New report calls for balanced approach in growing US aquaculture industry
A new report by an American think tank on the state of the U.S. aquaculture industry highlights the challenges and opportunities facing domestic seafood farming in state and federal waters.
The Washington, D.C., U.S.A.-based Center for American Progress found that aquaculture offers major economic benefits, but it must be balanced with regulations to ensure the proper location, farm management practices, and species selection.
The authors, Alexandra Carter and Miriam Goldstein, addressed the debate over the regular framework necessary to expand mariculture in federal waters, offering analysis on where the industry is today and how agencies and industry stakeholders can move forward.
Carter and Goldstein primarily saw a lack of information on the industry and they wanted to create an educational non-biased product, Carter told SeafoodSource.
“We wanted to provide a briefing of the sector,” Carter said. “We wanted to frame the project around the question on whether we should expand aquaculture into federal waters or not.”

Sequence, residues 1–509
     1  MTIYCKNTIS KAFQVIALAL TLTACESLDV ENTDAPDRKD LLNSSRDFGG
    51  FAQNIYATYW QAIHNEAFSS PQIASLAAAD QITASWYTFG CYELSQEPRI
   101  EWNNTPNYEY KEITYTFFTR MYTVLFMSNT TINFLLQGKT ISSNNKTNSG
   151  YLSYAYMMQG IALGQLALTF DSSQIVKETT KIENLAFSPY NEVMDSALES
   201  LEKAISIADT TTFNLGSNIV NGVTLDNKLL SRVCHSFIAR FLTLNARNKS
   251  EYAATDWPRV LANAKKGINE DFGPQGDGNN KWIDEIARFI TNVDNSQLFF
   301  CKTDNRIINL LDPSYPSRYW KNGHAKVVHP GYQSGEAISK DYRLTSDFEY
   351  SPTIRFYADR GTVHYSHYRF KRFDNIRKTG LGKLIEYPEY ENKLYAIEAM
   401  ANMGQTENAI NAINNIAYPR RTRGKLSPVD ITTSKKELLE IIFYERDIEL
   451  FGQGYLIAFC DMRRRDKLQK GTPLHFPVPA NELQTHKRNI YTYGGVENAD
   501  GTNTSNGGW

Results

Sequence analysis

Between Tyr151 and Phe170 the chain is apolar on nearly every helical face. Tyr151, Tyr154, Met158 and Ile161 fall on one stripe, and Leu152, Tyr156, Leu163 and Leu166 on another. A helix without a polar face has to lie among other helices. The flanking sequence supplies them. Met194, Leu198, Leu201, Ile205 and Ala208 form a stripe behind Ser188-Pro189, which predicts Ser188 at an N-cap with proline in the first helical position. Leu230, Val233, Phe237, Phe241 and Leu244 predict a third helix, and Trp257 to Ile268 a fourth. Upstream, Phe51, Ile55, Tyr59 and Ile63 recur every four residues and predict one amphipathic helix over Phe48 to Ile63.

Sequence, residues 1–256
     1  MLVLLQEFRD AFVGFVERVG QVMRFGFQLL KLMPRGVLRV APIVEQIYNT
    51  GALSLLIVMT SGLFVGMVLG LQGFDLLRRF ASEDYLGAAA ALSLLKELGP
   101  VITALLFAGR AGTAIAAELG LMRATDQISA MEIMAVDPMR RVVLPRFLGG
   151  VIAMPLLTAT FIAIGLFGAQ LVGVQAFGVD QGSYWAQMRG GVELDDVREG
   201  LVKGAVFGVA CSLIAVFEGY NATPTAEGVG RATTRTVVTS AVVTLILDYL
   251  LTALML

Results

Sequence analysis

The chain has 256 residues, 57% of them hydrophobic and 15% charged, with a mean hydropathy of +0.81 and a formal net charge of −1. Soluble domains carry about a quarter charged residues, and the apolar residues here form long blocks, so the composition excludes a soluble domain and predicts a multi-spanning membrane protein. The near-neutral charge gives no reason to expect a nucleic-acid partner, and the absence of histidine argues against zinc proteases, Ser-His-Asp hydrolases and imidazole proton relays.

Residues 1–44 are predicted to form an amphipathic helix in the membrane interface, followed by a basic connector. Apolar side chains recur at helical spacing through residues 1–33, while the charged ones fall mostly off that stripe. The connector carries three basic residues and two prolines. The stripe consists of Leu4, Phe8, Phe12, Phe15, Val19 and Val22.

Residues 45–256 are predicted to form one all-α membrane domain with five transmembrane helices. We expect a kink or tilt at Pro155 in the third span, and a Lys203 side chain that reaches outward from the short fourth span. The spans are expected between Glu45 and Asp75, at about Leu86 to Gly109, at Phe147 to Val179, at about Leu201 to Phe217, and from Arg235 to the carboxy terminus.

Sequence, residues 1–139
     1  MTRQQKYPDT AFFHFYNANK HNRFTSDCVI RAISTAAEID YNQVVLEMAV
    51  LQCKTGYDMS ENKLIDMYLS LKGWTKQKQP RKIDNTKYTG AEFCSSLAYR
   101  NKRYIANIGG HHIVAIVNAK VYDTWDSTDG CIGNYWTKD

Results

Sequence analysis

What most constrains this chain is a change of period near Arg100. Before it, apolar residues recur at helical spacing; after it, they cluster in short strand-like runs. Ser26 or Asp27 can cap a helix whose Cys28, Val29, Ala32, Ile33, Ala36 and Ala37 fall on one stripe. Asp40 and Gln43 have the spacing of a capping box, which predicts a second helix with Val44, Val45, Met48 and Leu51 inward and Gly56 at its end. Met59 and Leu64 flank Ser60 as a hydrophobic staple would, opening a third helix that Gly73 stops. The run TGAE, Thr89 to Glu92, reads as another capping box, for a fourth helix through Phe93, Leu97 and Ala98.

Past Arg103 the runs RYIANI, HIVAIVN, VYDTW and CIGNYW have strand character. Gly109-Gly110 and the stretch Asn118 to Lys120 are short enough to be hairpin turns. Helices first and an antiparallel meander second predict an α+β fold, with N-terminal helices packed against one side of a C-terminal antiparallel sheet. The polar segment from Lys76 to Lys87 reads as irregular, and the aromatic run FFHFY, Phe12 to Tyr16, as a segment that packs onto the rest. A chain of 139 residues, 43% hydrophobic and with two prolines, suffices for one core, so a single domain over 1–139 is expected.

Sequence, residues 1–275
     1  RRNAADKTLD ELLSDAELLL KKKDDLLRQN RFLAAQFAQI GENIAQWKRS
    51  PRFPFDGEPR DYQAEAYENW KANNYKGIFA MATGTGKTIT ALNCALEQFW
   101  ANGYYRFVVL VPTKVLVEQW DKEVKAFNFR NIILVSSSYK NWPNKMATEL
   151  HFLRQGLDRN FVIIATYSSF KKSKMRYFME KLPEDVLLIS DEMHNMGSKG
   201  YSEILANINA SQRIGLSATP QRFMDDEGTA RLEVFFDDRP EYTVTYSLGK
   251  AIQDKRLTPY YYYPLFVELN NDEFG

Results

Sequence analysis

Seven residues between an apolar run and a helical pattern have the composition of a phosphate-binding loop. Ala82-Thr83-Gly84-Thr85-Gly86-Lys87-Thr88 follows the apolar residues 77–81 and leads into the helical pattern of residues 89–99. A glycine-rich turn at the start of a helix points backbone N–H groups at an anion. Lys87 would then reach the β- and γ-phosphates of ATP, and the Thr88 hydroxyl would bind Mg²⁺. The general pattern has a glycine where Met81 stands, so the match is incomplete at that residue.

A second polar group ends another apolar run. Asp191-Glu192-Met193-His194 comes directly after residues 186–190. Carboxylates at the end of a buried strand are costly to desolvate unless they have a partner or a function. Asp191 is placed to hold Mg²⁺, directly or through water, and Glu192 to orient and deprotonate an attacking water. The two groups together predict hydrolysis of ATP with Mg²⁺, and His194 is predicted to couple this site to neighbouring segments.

Right now, Carter is encouraged to see the positive response from the industry and policymakers and hopes the report will provide a “baseboard” for other NGOs (non-governmental organizations) and think tanks to follow up and do their own ocean aquaculture analysis projects.
“While there has been congressional interest in regulating offshore aquaculture for a least a decade, it can best be characterized as intermittent,” the authors wrote in the report.
NOAA’s National Marine Fisheries Service (NMFS) attempted to clarify this regulatory thicket in 2016. Acting through the regional council process of creating a fishery management plan for farmed fishes, the NMFS implemented the Fishery Management Plan for Regulating Offshore Aquaculture in the Gulf of Mexico.
However, that management plan has been held up in the courts.
The rule was based on a general counsel’s interpretation that the inclusion of the term “harvesting” in the definition of the term “fishing” within the Magnuson-Stevens Fishery Conservation and Management Act (MSA) – the primary federal law governing U.S. fisheries management – applied to harvesting farmed fish as well as wild fish. It would have created a NMFS-run regulatory program for managing aquaculture in the federal waters of the Gulf of Mexico.
Courts and Congress
Last year, the U.S. District Court of Louisiana issued an opinion denying the NMFS’ final rule, halting implementation of the management plan for the Gulf of Mexico.
The judge wrote: “It is often said that ‘Congress does not hide elephants in mouse holes,’ and this court cannot imagine a more fitting example. Had Congress intended to give the NMFS the authority to create an entirely new regulatory permitting scheme for aquaculture operations, it wold have said more than ‘harvesting.’”